A timer-relay (see FIG. 7) is used to reverse the current in entire operating potential region of the W and C electrodes. This provides better surface regeneration on the electrodes. This reversal process is schematically illustrated in FIG. 6. Note that the voltage/current shaded regions (areas) of scan I are reversed from those of scan II. We prefer to use a galvanostat-electrometer Model 545 made by ECO Instruments of Boston, Mass. FIG. 7 shows the arrangement of the cell containing the electrodes hooked up to the galvanostat, and timer with current reversing switch. Particularly for in vivo work, we may use any type of implantable cell for housing the electrodes and permitting the substances to be electrolyzed into contact therewith. We prefer to use the cells shown in our U.S. Pat. Nos. 3,878,564 and 3,994,799, the disclosure of which is incorporated by reference herewith.
The CCE method was applied to removal of dialysate urea, and the whole cell voltage was set to be 1.80 V (FIG. 4). The upper bound potential of W vs R was set at +0.80 V vs Ag/AgCl. The lower bound potential of the counter electrode was set to be -1.00 V vs Ag/AgCl. Thus, the operating range became C: -0.50←→-1.00 and W: -0.50←→+0.80. They added up to provide a maximum whole cell voltage of 1.80 V. Krebs-Ringer phosphate buffer solution with an intitial urea level of 60 mg/dl was used as the electrolyte. The rate of urea removal (urea electrolysis) was 1 g/hr to 1.5 g/hr for a 1 m2 Pt-black electrode pair. Since the upper bound oxidation potential was set at +0.80 V vs Ag/AgCl, no hypochlorite (an undesirable product) was produced. There were no detectable toxic nitrogenous substances such as NO3 -, NO2 -, CN-, NH4 +, etc. Total Pt introduced into solution, including both dissolved Pt ions and Pt-black particles, was always negligible, being below 2 ppm as measured by atomic absorption specrophotometry. The sole gaseous substances produced, as observed from gas chromatography, were N2, CO2, and water vapor.
Moreover, because CCE preserves electroneutrality, physiologic electrolyte balance was maintained. The concentrations of Na+, K+, Ca++, H+, etc., ions remained constant throughout the controlled electrolysis. The same Pt-black electrode was used for over 15 runs for several months without any observable deterioration, or reduction in the rate of urea removal. Runs on urea removal of uremic dog recirculated hemodialysate demonstrates that these electrodes were not poisoned or degraded at all after the in vivo electrolysis. We have also found that creatinine is concurrently removed. These CCE runs using Pt-electrodes demonstrate not only that the electrochemical reactions are controlled, but also that the regeneration of electrodes can be controlled.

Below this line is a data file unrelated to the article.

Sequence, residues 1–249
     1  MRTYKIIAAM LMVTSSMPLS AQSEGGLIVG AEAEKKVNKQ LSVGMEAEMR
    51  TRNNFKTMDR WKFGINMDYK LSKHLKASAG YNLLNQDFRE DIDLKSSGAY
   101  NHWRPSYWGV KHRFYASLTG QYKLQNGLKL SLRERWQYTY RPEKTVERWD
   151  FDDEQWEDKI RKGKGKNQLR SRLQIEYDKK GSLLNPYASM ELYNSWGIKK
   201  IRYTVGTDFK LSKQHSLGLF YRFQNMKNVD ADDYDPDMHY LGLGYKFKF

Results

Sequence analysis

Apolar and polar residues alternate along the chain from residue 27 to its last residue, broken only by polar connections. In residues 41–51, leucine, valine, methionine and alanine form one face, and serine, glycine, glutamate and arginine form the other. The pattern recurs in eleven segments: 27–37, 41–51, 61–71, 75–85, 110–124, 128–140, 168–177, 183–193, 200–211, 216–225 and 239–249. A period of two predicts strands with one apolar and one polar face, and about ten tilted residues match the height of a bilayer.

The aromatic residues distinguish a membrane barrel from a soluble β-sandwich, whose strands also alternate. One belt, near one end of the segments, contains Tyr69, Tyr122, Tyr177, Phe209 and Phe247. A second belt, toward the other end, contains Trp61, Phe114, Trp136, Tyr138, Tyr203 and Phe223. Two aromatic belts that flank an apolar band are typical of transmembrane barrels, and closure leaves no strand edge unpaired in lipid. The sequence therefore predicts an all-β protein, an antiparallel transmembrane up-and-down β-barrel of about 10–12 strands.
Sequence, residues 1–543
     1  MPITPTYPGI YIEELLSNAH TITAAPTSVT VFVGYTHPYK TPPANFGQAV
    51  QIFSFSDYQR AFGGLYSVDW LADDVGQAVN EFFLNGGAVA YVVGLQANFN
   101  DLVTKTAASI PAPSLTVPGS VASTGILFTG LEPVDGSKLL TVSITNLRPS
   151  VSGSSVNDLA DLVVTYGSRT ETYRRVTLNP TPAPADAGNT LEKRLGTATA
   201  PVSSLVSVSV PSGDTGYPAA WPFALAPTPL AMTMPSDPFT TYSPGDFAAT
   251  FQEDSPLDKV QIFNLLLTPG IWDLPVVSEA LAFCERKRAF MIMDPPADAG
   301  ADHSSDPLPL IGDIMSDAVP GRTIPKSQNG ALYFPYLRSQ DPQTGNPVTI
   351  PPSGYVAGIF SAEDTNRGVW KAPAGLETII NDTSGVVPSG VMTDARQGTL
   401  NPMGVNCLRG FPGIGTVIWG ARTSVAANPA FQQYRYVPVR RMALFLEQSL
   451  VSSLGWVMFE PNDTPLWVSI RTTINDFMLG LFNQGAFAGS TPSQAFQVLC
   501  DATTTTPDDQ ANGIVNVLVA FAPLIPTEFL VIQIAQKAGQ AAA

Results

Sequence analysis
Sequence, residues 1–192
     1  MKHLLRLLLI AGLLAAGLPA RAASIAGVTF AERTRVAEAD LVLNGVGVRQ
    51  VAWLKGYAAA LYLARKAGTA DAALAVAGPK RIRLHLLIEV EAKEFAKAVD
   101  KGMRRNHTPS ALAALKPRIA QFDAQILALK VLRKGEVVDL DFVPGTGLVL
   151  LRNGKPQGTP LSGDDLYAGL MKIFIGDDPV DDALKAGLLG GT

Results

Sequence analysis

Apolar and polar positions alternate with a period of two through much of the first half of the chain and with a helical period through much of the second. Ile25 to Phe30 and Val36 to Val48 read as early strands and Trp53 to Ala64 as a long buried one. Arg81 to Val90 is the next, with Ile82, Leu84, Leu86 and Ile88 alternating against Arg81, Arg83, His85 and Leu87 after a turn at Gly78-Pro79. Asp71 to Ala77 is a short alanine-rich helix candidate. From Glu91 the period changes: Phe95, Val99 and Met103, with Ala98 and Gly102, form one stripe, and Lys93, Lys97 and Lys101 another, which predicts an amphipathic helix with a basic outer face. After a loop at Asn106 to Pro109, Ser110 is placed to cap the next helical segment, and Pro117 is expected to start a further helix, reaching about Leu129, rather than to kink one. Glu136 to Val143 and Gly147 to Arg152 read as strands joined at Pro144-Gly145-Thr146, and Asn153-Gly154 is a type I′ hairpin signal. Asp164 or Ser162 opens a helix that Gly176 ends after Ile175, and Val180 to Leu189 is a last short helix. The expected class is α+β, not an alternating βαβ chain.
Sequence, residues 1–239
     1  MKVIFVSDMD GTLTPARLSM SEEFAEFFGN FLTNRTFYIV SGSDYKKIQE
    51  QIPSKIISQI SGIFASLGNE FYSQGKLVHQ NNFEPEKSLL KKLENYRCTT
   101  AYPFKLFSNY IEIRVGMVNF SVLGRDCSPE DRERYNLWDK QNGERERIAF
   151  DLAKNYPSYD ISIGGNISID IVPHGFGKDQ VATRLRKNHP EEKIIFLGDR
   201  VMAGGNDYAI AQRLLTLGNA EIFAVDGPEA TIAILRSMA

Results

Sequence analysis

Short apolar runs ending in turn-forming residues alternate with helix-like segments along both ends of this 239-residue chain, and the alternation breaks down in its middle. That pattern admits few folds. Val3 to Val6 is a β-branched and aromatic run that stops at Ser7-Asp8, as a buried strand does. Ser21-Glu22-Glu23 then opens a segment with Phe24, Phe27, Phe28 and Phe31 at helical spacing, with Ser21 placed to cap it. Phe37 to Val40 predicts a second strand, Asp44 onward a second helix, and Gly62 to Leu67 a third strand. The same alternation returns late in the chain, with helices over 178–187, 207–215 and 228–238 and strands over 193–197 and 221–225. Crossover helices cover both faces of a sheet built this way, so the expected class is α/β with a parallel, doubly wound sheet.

We have also determined in our studies of CCE a precisely defined upper boundary potential for the W electrode for the electrolysis of urea. It has been discovered to be +1.25 V vs Ag/AgCl when acetate dialysis fluid is used. Hypochlorite has not been found to be greater than 0.1 ppm in all CCE electrolysis in which the upper boundary potential of W had been preset at a +1.25 V. Urea oxidation current, as is seen from its cyclic voltammogram, was much more pronounced from +0.80 V to +1.25 than that observed below +0.80 V. N2 can be strongly adsorbed on Pt-black, causing a reduction in the rate of urea oxidation. The use of an He/O2 : 88/12 mixture to drive off N2 in the electrolyte (dialysis fluid) and that adsorbed on the electrode surface improves reaction rate. The N2 may be dissolved in the electrolyte from the air, or produced at the electrode during the direct electrolysis of urea. By employing the conditions of +1.25 V as the maximum upper boundary potential and N2 -free electrolysis, we have achieved a rate of 2.2 g urea electrolysis/hr for a 1 m2 Pt-black electrode pair in acetate dialysis fluid containing 200 mg/dl of glucose and 200 mg/dl of urea.
By way of comparison of the CCE method of this invention with uncontrolled electrolysis of urea for an artificial kidney, see M. Fels, "Recyle of Dialysate for the Artificial Kidney by Electrochemical Degradation of Waste Metabolites: Continuous Reactor Investigation," Medical & Biological Engineering & Computing, 20:257-263 (1982). In that process, an excess of ClO-, ClO2 - and ClO3 - ions was produced and a pH drop of about 1 unit to 3-4 units was observed depending on the buffer used. Fels concluded that these side effects would preclude clinical application. Similar uncontrolled electrolysis was adopted for urea removal in a regenerative hemofiltration and hemodialysis system by B. Schuenemann, E. Quellhorst, H. Kaiser, G. Richter, K. Mundt, E. Weidlich, G. Loeffler, M. Zachariae and O. Schunk in "Regeneration of Filtrate and Dialysis Fluid by Electro-oxidation and Adsorption," Trans. Amer. Soc. Artif. Intern. Organs, 28:49-53 (1982). Although in the Schuenemann et al study a special cathodic reactor fixed to the electrolysis cell unit was introduced to remove remaining hypochlorite OCl- and other undesirable oxidation products, we believe that the oxychlorides could react with amines and amino acids in the dialysate to form chloramines before they were removed.
The method as described above was employed in in vivo tests on induced uremia in canines, with dialysate being electrolyzed in the constant current, preset-voltage mode described above.
Prior to the dialysate and electrolysis tests, a canine model for uremia had to be established. The first step was the implantation of a suitable, chronic, arteriovenous shunt for use in dialysis. A silicone rubber catheter (Dow-Corning, Midland, Mich.) was placed to connect the common carotid artery and external jugular vein and connected to an infusion "T". The area was protected by a cervical collar.